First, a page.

The Australian and New Zealand Dollars are trading higher on Friday as investors adjust positions to weaker U.S. Treasury yields. The recent rallies in the Aussie and Kiwi are not reflecting stronger economies in Australia or New Zealand, but rather a weakening U.S. economy and a strong possibility of an interest rate cut by the Fed later this year.
Traders aren’t paying too much attention to the economic data in Australia and New Zealand this week, but rather what is taking place in the United States. The domestic data is not likely to have too much of an impact on the Aussie and Kiwi until their respective central banks take a second interest rate cut off the table. In the meantime, traders are more likely to react to the data coming out of the United States.
Also keep in mind that the traders discount future events. For weeks the Aussie and Kiwi fell sharply as investors anticipated the rate cuts by the RBA and RBNZ. Now that the central banks have cut rates, short sellers can cover their positions while allowing the market to rally before the next round of sellers come in ahead of the widely expected second rate cuts.
Furthermore, cutting rates actually brings the economy closer to a recovery. They are designed to stimulate the economy so when a cut takes place, one of the reasons for being short gets dampened.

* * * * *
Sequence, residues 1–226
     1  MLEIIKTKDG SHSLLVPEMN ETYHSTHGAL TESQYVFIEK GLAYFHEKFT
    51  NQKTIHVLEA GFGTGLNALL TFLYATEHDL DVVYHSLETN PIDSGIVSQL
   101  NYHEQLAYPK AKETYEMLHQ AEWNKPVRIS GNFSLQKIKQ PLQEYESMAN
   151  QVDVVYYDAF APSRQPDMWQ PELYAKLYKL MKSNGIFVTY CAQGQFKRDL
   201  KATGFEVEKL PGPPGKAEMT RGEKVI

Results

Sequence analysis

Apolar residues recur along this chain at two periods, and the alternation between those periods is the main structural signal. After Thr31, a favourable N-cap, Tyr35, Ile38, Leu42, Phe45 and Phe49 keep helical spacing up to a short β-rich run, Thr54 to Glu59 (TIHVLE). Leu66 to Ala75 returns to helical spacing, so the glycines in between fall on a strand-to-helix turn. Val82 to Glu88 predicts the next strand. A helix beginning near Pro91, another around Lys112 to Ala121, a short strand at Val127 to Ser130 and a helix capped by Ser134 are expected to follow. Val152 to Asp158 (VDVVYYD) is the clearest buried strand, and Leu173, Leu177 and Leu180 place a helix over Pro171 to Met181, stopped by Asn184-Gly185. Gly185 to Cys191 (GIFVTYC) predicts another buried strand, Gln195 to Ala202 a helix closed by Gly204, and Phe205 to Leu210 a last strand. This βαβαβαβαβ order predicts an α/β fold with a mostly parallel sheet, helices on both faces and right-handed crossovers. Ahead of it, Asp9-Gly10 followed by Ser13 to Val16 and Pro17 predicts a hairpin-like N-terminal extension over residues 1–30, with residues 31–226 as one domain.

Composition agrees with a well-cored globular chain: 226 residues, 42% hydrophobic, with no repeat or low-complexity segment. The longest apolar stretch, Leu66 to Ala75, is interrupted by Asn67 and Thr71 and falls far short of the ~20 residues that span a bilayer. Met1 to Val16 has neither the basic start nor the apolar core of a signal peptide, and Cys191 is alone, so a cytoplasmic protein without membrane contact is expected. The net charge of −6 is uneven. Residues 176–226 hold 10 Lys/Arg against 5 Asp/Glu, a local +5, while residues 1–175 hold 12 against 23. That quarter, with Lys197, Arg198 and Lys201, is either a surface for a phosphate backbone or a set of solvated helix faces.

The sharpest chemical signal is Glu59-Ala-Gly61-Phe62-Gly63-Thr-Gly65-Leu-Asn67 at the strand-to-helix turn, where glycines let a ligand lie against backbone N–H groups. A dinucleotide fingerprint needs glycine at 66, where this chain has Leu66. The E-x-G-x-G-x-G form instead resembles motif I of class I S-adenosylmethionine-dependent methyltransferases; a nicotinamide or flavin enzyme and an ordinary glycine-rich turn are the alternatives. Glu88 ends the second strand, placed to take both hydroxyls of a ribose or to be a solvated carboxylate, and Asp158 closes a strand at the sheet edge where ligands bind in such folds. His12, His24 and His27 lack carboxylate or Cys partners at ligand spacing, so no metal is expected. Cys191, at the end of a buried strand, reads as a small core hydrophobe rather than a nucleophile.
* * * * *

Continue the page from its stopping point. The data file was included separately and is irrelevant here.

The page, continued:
At this time, bullish Aussie and Kiwi traders are benefitting from the best of both worlds. Firstly, the initial rate cut is over. This is bringing relief to the short sellers who now have a reason to book profits. Secondly, the U.S. economy is weakening and Fed Chairman Jerome Powell hinted at a potential earlier than expected rate cut. This is weakening the U.S. Dollar.
Ultimately, the direction of the AUD/USD and NZD/USD on Thursday will be determined by the direction of U.S. Treasury yields. This is because traders primarily follow the interest rate differential between U.S. Government bond yields and Australian and New Zealand Government bond yields.
If the yields continue to tighten then look for the Aussie and Kiwi to be underpinned. If it widens then the advantage shifts back to the U.S. Dollar.
As long as U.S.-China trade relations remain relatively calm, Aussie and Kiwi traders are going to play the interest rate differential game. If conditions improve then look for the Australian Dollar to pick up some added support. If they weaken, then expected prices to retreat.